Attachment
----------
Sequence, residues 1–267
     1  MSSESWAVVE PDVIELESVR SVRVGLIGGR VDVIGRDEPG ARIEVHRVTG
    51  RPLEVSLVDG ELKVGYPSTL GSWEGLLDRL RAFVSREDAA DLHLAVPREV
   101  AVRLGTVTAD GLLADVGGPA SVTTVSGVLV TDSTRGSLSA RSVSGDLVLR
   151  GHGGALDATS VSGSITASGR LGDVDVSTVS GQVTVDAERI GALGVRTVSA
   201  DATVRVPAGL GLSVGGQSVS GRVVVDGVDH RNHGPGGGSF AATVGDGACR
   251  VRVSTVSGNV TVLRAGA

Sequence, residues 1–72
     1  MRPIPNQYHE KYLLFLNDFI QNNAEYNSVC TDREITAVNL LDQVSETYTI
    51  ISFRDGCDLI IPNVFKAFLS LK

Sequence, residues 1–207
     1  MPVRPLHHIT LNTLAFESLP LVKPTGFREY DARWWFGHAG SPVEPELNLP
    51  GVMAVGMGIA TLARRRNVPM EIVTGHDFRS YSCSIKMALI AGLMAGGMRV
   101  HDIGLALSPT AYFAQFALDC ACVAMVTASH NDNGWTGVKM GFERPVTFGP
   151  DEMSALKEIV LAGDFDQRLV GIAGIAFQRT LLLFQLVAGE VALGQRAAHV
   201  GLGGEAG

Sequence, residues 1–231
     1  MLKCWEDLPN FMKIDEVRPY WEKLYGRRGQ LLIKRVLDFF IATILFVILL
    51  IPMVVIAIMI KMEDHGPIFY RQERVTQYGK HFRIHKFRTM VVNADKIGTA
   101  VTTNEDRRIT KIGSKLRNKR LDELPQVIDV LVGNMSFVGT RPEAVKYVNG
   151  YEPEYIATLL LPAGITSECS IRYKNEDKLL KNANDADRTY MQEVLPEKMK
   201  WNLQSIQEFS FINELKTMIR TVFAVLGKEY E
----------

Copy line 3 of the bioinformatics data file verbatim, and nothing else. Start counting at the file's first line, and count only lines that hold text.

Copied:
    51  RPLEVSLVDG ELKVGYPSTL GSWEGLLDRL RAFVSREDAA DLHLAVPREV